YOUNG music-makers are once again in the spotlight for this year’s Worthing Youth Prom at the on Assembly Hall, Sunday, February 13, 2.45pm.
The event, which has been going for about eight years, has been developed by Worthing Symphony Orchestra principal conductor John Gibbons as part of his commitment to youth.
“Our audience tends to be on the more mature side, which is why I have always tried to involve younger people.
I made contact with the people that organise the music service in West Sussex, and we have a very good relationship with them.”
The Youth Proms have emerged as a result.
This year sees John conduct the West Sussex County Youth Orchestra plus the youth wind players in a programme of classic film music, reflecting Worthing Symphony Orchestra’s theme for the season.
The programme will be Walton: Suite from Henry V; Beethoven: Piano Concerto No 4 in G major; and Brahms: Symphony No. 1 in C minor.
“I have tried to look at film music and how much film-makers down the years have been drawn to classical music.
“It’s how so many people hear classical music, learn to like it and appreciate it and sometimes don’t realise that they are actually listening to this ‘horrible’ thing called classical music!”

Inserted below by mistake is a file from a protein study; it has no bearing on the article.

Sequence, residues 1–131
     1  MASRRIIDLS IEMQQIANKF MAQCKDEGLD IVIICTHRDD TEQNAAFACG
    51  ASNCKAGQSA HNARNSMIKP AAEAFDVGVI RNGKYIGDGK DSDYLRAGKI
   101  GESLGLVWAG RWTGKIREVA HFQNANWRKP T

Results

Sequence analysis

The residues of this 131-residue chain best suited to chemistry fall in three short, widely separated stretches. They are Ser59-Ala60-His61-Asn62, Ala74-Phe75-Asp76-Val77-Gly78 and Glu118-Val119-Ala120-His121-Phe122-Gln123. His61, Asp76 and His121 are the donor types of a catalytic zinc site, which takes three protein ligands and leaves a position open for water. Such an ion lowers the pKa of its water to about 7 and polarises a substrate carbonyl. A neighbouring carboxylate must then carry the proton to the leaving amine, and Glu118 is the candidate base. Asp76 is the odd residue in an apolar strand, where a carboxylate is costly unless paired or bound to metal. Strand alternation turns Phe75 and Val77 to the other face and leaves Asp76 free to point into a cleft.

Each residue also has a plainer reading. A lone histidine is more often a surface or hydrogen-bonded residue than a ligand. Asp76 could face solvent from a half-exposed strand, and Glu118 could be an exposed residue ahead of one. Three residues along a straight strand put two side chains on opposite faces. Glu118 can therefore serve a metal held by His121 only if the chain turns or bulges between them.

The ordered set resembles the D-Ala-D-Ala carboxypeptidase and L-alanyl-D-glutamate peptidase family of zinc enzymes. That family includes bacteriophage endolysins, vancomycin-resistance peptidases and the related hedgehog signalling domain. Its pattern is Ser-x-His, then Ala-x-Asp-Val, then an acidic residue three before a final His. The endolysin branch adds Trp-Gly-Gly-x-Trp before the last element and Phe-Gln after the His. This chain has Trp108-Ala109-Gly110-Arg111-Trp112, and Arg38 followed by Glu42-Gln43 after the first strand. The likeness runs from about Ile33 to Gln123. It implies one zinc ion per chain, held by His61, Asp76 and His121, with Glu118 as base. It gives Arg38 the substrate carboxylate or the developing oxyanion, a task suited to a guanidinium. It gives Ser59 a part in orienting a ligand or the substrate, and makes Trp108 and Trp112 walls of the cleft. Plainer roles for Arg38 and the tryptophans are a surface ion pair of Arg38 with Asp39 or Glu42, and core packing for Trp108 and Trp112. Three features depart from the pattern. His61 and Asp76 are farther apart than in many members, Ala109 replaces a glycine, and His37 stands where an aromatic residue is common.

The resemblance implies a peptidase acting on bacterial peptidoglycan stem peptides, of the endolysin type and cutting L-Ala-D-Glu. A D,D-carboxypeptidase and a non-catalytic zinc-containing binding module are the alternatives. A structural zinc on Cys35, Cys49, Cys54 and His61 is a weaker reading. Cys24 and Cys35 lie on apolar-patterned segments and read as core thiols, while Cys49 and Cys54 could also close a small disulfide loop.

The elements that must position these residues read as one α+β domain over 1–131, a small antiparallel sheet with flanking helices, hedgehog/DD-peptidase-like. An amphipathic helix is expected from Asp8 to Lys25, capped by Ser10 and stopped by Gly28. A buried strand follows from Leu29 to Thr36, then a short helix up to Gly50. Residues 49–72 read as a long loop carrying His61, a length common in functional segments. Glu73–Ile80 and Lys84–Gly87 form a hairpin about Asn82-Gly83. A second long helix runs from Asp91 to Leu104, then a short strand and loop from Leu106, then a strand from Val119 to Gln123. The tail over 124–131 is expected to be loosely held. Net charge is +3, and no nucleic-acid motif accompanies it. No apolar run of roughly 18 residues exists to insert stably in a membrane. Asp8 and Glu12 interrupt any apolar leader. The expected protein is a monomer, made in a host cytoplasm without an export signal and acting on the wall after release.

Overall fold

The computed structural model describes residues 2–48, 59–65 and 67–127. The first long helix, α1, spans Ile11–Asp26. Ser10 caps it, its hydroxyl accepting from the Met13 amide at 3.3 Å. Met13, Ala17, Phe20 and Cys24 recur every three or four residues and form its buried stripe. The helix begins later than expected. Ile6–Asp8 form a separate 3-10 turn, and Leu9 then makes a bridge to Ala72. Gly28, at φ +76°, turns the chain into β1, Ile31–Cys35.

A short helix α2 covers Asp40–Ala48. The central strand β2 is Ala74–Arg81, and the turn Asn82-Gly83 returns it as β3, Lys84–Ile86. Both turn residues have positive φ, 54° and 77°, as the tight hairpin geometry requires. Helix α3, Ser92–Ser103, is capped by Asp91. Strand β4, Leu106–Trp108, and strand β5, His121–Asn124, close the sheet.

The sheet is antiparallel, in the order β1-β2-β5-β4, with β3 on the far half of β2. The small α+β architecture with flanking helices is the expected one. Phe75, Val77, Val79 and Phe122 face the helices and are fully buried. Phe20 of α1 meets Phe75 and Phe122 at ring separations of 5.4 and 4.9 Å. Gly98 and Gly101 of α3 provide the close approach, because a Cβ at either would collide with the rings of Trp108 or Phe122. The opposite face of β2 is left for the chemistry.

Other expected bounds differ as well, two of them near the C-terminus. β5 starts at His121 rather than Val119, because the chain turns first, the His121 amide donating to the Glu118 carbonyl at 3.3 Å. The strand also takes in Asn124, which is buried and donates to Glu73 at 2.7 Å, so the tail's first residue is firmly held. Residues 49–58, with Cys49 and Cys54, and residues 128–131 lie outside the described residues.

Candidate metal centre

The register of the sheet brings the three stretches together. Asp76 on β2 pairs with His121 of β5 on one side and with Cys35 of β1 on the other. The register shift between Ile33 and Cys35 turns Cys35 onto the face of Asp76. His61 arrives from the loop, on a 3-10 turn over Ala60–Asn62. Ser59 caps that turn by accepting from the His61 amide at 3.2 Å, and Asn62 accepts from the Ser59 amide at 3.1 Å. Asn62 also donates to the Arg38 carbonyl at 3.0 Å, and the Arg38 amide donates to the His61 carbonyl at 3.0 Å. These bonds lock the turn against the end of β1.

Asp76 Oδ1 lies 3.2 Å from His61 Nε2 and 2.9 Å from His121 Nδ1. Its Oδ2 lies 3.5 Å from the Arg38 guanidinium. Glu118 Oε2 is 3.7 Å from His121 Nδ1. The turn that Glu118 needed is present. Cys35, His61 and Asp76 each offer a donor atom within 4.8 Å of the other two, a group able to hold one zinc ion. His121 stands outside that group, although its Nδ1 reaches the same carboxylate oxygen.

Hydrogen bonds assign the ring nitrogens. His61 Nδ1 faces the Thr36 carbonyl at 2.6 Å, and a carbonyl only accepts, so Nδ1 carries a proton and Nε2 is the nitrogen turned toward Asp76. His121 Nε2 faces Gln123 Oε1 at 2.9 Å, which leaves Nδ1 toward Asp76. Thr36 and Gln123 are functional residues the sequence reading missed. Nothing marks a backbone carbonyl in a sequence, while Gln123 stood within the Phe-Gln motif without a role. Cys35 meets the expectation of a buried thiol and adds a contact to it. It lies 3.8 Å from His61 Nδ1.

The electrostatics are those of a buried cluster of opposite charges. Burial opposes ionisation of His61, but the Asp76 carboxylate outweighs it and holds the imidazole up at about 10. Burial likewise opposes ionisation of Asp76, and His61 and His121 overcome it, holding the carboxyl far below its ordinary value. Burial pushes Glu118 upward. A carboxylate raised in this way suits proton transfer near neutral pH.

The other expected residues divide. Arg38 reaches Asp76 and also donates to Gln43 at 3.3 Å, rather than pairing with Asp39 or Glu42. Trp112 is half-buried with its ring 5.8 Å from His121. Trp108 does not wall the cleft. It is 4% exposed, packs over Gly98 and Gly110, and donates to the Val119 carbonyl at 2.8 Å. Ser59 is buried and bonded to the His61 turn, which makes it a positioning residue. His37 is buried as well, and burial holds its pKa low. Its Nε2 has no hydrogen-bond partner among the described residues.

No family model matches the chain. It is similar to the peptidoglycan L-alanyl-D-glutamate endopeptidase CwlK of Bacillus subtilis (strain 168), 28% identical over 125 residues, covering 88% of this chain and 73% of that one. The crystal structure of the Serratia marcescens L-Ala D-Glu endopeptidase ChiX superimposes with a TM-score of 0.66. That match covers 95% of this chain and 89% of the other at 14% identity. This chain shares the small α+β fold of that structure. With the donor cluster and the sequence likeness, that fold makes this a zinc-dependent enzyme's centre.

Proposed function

It’s certainly a way of breaking down the barriers, said John who says there should be no divide whatsoever.
He challenges the notion of popular music, as if everything else were unpopular.
John admits, though, that classical music failed to take many people with it in the 60s and 70s during its “squeaky door” period – though he’s quick to point out that rock, too, has had its moments of extreme experimentation.
“But since the 1970s, classical music has really come back, thanks to people such as Jenkins.
“Part of the challenge now, though, is that people are so used to listening to music while doing something else, putting on their iPod or whatever as they drive or run.
“What I try to do with youngsters is really explain what is going on in the music,” said John, a conductor always keen to give audiences pointers as to what to listen out for.
“With a painting or a piece of sculpture you can walk away, have a cup of coffee and then come back again; not so with music which is much more demanding: You have got to listen, you have got to retain what you have heard, you have got to keep it in your head and process it and then recognise a passage 20 minutes later and see how it has changed.”
If you do, your appreciation will be immeasurably enhanced: “People assume that your audience in Worthing will be sitting there falling asleep, but we are very lucky. Our audiences in Worthing love being challenged and stretched.”
For details of the Worthing Symphony Orchestra Season 2010/11, see www.worthingtheatres.co.uk/WorthingSymphonyOrchestra (See external link to the top right of this story).